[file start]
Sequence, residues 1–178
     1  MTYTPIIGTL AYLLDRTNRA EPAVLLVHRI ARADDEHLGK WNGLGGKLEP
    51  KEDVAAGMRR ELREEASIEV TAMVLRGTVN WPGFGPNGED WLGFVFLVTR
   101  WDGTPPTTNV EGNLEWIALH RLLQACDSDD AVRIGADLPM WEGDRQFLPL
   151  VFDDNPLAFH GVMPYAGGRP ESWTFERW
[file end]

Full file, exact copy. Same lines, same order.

Sequence, residues 1–178
     1  MTYTPIIGTL AYLLDRTNRA EPAVLLVHRI ARADDEHLGK WNGLGGKLEP
    51  KEDVAAGMRR ELREEASIEV TAMVLRGTVN WPGFGPNGED WLGFVFLVTR
   101  WDGTPPTTNV EGNLEWIALH RLLQACDSDD AVRIGADLPM WEGDRQFLPL
   151  VFDDNPLAFH GVMPYAGGRP ESWTFERW